More thoughts about the a99.

It's hard sometimes to write stuff for the web and to also show meaningful photographic examples. No matter how you upload stuff for mass consumption on the internet it will be crunched, compressed and artifacts will occur. So when I write about a camera and then show images from the camera it's frustrating. The qualities in the samples is never what I see on my office monitor.  In many ways the real litmus test for image quality is still the act of making large prints and looking at them under controlled conditions, but we can't really do that every day for thousands of readers. The best thing I can suggest is to read the words and also look at the images but-----if you are looking at the images on an old laptop or the screen of your phone you might just trust the words over the images that you see in front of you.

When I looked at the image, above, on my screen I was looking at Sony's extra fine, full size jpeg which (I can tell by the original file size) doesn't get radically compressed in camera. So I was seeing some good tonal range and a high degree of sharpness and detail. Having slain all dangerous business dragons in the early hours of 6 am to 10 am today I gave into temptation and profiled a version of the above for a print out at Costco, on glossy paper. The image was printed at 12 by 18 inches. When I picked up the print (and some batteries, and 50 rolls of toilet paper and a shrink-wrapped package of 12 jumbo sized cans of tuna...kidding...) I glanced at it under the store's florescent lights, thought they'd done a decent job staying on top of their paper profiles and drove home.

Once I got back to the studio I pulled the print back out, flicked on my big OTT light for print viewing, grabbed my most authentic pair of reading glasses and took a better look. Absent was any hint of noise or file grittiness. The detail was pretty amazing and the colors looked rich and believable. It was a totally different evaluation experience than the one I usually do out of laziness, which is to toss the file into an Apple computer and then pop the file up to 100% in Lightroom or Photoshop and looking at it on a 27 inch, calibrated monitor. No matter which files we're looking into at 100% there's always something we don't like about them.

In printed form the file from the a99 Jpeg was about as good as a print gets. How would I know? I've been making prints and ordering prints for large commercial clients and magazines for about a quarter of a century now. It gives me some perspective.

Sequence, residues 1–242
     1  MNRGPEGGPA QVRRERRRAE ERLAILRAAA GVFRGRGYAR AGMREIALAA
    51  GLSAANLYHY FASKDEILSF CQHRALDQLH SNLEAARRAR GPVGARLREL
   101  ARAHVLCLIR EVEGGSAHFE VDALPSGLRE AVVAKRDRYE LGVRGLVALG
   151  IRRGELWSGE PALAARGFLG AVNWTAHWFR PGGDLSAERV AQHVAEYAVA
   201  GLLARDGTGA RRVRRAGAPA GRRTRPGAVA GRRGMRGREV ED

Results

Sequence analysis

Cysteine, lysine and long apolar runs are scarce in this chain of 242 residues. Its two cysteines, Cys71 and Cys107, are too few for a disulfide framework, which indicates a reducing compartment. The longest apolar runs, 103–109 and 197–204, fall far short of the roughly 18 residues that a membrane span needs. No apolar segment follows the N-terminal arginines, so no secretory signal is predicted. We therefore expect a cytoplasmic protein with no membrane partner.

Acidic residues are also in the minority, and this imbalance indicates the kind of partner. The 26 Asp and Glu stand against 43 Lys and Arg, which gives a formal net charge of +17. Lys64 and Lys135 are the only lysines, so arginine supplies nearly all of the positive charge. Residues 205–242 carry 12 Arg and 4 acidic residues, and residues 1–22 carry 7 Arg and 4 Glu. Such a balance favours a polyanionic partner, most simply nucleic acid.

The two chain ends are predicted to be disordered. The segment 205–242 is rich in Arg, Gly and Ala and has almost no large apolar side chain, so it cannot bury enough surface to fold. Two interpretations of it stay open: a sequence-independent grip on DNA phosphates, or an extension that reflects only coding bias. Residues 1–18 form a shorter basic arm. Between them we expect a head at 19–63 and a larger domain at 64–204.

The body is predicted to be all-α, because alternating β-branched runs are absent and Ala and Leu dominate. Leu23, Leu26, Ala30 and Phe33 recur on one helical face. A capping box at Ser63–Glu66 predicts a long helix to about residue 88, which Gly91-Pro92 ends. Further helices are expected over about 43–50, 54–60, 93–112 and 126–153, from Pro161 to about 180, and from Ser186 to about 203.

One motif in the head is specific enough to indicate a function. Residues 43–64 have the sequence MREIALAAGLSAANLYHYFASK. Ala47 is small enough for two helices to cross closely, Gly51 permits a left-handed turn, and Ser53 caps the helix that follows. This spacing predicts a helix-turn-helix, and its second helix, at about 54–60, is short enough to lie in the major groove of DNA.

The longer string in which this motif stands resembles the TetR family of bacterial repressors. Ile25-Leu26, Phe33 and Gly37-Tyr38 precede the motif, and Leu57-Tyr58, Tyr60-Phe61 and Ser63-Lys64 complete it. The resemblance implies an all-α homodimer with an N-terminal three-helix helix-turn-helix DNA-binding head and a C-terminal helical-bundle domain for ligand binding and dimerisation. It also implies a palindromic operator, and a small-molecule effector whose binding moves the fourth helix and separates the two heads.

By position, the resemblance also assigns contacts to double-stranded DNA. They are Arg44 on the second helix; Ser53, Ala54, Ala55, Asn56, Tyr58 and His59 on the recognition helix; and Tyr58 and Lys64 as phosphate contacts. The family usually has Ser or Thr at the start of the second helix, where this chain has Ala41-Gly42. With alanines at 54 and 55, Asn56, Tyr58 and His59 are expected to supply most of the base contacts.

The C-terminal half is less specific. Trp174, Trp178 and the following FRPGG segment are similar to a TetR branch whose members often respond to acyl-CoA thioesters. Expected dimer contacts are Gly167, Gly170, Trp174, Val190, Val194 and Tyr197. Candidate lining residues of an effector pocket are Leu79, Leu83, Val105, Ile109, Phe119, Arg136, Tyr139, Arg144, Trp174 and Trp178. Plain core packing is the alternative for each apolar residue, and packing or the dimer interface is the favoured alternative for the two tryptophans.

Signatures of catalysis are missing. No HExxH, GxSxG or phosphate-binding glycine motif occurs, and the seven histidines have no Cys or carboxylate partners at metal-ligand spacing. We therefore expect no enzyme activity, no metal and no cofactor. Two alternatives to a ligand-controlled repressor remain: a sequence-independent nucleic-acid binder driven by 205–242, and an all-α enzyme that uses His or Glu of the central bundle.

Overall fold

Today I used the a99 to do a holiday card image for a very creative advertising agency. I'd show you the image but it's top secret until it goes out in the mail. I used the a99 with the 85mm f2.8 at f 5.6 until we all (two creative directors and an art director) looked at a few test files together and all agreed that the lens was too good, the files too detailed and the look too clinical. I pulled a Minolta 24-85mm f3.5 to f4.5 (long since discontinued and forgotten) out of the bag and we shot with that instead. It had a different look; a bit less clinical, and the agency liked that. We banged out 125 shots against a white background and here's how we did out post processing:  I sat down at the art director's desk and downloaded the files into her MacBook Pro via the SD card slot. We put the jpeg files into a folder on her desktop.  Then she picked up her computer and everyone followed her into the agency's conference room where she hooked up her computer to the 50 inch HD TV and hit "slideshow" in Preview.

The images popped up onto the screen and we all laughed at the funniest ones and made the intern mark down the frame numbers. I packed up my few lights, the backdrop and the camera and left. That was the extent of my post production on the job. 

I did have the images on my SD card when I came back into the studio and I was curious what ISO 125 looked like so I put them into my computer and started blowing things up. And blowing them up.  And blowing them up. Now I can say a few things about the Sony a99's low ISO Jpegs.  1. Zero Noise. 2. Perfect color (thank you, custom white balance). 3. Some of the best files I've seen for technical goodness.

It's been a busy couple of days here and I'm doing a lot of pre-production for another spa shoot on Saturday and then a three day marathon for a giant computer company that starts next Tues. (warning, probably a very sparse time for blogs from the 11th to the 13th....) but I do have the whole day to myself tomorrow and I'm going to be doing the next critical camera test. I'm going to shoot and process some raw files and I'm going to break out the weird shoe to normal hot shoe adapter that comes with the a99 and see if it does a better job with  shoe mount electronic flash than the a77.

If the tests go well I will share them with you. If they go poorly I'll just sit on the floor and pout.

One of the challenges for any camera is radically mixed light. The kind I hate is sunlight on one side of a person's face and florescent or tungsten on the other. You can see in the image above that the people outside the spot light are lit mostly by coolish tungsten balanced light (approx. 3660K in this example) while the people seated at the table are in a pool of cool daylight (6200K, approx.).  Since the main action is the interplay between the lead actors at the table I quick set the color temperature for their position and let the chorus actors go blue. Very blue.  No camera in the world will make the color any more uniform since that's not the role of stage light. I do find it interesting that the color balance of a scene is intimately tied to the final exposure of a scene. Many times I'll correct for color and find a scene going much lighter or darker than it had been, either in camera or on the monitor.